The African Commission , set up by the Danish government last year, is a high level group wanting to bring light to Africa’s opportunities and add new strategies to the development cooperation. I wonder if Dembisa Moyo that I wrote about last week thinks they succeeded.
Anyways, the group of really distinguished Africans and others includes Nigerias former finance minister Ngozi Okonjo-Iweala who I wrote about here and the Commission presents its recipy for development as follows: (this is the quick version, the 90-page report can be downloaded in pdf here).
1. The creation of an African Guarantee Fund in partnership with the African Development Bank aimed mobilizing loans for three billion USD and reducing the cost of access to finance for small and medium-sized enterprises, SME’s. Africa’s SME’s provide 80 percent of output and jobs in Africa;
2. Ensuring access to energy at the local level by launching a new initiative in partnership with the EU and the African Development Bank. More than three-quarters of Africans lack access to electricity – a major constraint to economic development, doing business and standards of living;
3. Improving the business climate and Africa’s competitive edge by making sure that the World Economic Forum’s Global Competitiveness Report covers all African countries. More than that, the Commission will work with a range of Africa-based entities to ensure that the findings of this benchmarking process is followed-up by the development of detailed policy responses and concrete reforms;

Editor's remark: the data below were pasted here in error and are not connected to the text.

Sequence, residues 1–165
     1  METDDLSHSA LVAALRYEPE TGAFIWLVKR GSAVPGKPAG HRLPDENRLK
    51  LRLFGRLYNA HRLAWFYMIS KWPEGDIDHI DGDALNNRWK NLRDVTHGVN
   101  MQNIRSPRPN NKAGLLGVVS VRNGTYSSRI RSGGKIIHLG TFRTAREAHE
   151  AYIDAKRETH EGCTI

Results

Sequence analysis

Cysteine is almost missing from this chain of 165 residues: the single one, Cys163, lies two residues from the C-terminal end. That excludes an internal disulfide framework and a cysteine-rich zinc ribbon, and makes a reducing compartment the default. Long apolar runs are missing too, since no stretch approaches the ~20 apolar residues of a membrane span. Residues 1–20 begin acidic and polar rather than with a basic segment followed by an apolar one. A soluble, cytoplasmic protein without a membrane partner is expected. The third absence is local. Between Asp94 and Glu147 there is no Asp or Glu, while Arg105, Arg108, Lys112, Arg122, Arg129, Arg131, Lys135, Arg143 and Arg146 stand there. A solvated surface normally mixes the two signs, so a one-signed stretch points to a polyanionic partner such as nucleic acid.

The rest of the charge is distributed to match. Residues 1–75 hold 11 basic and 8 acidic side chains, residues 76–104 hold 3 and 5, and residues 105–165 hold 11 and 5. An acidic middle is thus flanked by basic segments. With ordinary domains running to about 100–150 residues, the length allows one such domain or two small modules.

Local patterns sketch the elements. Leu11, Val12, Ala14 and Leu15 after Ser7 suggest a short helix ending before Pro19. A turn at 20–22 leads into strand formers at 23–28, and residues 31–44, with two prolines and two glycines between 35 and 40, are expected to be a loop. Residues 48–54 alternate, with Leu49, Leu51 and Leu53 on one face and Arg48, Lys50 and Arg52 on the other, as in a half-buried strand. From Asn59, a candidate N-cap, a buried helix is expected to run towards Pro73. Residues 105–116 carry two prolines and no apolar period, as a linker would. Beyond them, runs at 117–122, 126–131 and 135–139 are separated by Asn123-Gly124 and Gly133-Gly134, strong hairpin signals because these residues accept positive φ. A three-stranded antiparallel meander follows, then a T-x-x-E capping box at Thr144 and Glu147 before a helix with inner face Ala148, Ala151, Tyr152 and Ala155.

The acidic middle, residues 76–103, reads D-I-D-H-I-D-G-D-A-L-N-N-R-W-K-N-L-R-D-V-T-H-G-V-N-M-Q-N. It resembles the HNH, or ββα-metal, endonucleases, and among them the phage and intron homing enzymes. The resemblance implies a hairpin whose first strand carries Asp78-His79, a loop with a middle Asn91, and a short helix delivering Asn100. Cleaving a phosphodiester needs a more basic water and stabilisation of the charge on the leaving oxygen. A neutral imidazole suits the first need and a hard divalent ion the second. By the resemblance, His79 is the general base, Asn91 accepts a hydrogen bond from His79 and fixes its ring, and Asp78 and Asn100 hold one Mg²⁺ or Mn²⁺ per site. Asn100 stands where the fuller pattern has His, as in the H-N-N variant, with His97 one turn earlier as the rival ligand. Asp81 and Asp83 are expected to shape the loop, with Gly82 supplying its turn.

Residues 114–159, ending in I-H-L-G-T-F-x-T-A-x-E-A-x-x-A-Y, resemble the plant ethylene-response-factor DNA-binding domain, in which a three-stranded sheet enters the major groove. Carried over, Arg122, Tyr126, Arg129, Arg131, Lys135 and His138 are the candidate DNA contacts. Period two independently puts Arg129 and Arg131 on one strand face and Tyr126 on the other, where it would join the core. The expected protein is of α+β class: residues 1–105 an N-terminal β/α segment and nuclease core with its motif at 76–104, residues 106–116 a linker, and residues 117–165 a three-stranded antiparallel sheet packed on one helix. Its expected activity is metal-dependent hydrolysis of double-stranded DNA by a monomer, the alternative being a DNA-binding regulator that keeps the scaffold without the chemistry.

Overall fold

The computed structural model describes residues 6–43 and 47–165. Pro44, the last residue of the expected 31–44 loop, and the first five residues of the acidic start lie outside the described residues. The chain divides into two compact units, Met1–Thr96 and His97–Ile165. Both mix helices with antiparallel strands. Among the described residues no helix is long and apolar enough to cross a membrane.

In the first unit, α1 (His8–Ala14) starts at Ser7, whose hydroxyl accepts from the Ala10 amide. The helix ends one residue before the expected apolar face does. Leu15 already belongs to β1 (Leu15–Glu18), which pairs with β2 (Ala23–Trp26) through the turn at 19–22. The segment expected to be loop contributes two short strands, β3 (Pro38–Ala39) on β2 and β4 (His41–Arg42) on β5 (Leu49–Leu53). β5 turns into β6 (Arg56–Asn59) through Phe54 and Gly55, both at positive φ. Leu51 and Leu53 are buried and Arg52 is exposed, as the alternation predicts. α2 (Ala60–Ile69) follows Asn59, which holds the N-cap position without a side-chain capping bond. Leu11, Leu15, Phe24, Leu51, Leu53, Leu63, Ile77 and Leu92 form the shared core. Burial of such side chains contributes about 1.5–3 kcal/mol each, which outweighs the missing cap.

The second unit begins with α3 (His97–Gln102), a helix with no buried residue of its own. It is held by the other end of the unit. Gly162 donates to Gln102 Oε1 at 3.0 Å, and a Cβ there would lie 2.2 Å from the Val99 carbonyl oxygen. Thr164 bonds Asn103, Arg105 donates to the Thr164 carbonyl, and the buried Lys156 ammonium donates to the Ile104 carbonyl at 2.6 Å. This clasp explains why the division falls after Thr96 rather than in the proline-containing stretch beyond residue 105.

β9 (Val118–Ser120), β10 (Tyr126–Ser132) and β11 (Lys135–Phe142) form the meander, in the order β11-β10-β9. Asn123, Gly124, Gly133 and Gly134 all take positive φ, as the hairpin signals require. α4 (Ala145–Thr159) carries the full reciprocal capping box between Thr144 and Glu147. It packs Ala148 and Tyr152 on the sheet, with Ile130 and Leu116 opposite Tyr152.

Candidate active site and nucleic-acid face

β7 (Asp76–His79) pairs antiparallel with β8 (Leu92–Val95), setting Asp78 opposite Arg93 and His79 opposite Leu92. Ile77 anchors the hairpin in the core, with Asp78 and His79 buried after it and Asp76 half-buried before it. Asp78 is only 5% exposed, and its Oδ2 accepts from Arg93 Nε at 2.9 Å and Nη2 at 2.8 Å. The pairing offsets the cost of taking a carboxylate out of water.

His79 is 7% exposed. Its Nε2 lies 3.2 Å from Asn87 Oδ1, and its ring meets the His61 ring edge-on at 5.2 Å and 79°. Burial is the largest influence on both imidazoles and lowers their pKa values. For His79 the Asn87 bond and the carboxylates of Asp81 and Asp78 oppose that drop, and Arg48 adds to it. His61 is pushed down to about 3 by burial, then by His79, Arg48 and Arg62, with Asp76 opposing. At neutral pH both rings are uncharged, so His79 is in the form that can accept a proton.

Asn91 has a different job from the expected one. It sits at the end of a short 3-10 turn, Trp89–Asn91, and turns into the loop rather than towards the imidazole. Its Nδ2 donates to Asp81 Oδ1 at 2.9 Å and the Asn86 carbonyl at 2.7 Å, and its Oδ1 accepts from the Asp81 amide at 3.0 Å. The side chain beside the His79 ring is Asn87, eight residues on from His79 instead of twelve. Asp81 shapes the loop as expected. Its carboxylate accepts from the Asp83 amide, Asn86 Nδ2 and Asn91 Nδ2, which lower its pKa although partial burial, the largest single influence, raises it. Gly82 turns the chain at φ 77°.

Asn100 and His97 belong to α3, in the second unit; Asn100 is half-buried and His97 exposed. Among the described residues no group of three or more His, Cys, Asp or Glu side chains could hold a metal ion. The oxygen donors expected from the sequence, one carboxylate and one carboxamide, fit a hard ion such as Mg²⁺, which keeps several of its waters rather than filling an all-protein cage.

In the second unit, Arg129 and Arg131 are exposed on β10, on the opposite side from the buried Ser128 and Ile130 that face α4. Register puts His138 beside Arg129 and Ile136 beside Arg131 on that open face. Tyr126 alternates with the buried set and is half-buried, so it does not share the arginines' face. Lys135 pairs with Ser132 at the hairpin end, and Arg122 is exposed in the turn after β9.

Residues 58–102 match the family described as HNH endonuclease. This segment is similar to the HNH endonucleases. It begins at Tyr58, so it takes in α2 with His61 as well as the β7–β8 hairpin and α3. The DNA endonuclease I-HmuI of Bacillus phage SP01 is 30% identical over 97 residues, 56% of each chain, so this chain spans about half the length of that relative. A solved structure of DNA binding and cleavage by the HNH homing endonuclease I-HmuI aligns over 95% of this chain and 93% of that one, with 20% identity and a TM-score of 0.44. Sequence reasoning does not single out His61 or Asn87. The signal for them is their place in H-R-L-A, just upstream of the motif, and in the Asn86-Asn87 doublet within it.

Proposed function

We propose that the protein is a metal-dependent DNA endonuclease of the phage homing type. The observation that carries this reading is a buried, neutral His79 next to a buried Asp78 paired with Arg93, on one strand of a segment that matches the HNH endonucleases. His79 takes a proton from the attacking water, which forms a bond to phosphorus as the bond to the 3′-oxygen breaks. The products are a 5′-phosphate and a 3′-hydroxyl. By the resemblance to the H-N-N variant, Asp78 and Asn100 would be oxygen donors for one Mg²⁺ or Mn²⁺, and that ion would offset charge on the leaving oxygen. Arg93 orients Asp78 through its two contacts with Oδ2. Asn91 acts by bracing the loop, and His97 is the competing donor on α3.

4. Unleashing the power of African entrepreneurship, both in start-up and existing enterprises, by providing advisory services and access to finance in order to allow young people to translate their good ideas into practical plans. The initiative will be implemented in partnership with the ILO and Youth Employment Network (a partnership between the UN, ILO and World Bank). It is expected that this initiative alone will create 40,000 new jobs and 20,000 new businesses;
5. Supporting higher education and research. Specifically, the initiative will increase the quantity and quality of artisans through apprenticeships, especially in the rural areas. Also, it will link tertiary research and business practices especially to expanding agricultural output.
I like how the Commission acknowledges the lack of electricity and how that is a basic problem in Africa (see what I wrote on it here). Also education is key, of course for development and currently the future for the African academy looks rather bleak. Just as in the north, links with research and businesses need to be improved. So, far I agree.
However, I am more sceptical towards yet another fund, the African Guarantee fund – I think many times it is information and reporting that is scarce – not a complete lack of money. And then sometimes I think the people in those high level meetings overstate the influence of their instruments. I mean, can the “World Economic Forum’s Global Competitiveness Report” really improve the business climate in Africa?
What do you think?
AR#2 Magazine The Africa Report.
In this mag, I liked the topics and the rich ways of describing current issues in Africa. I have studied it now for about 45 minutes, but is nowhere near done. I like that type of publication density.
The current issue of The Africa Report gave a very illuminating report of Mills’ first 100 days in power and came with an interesting economic report-booklet of Cote D’Ivoire.
I guess that makes it three Africa reports today…
In the top pic Africa’s future on the beach in Kromantse, Central Region, Ghana.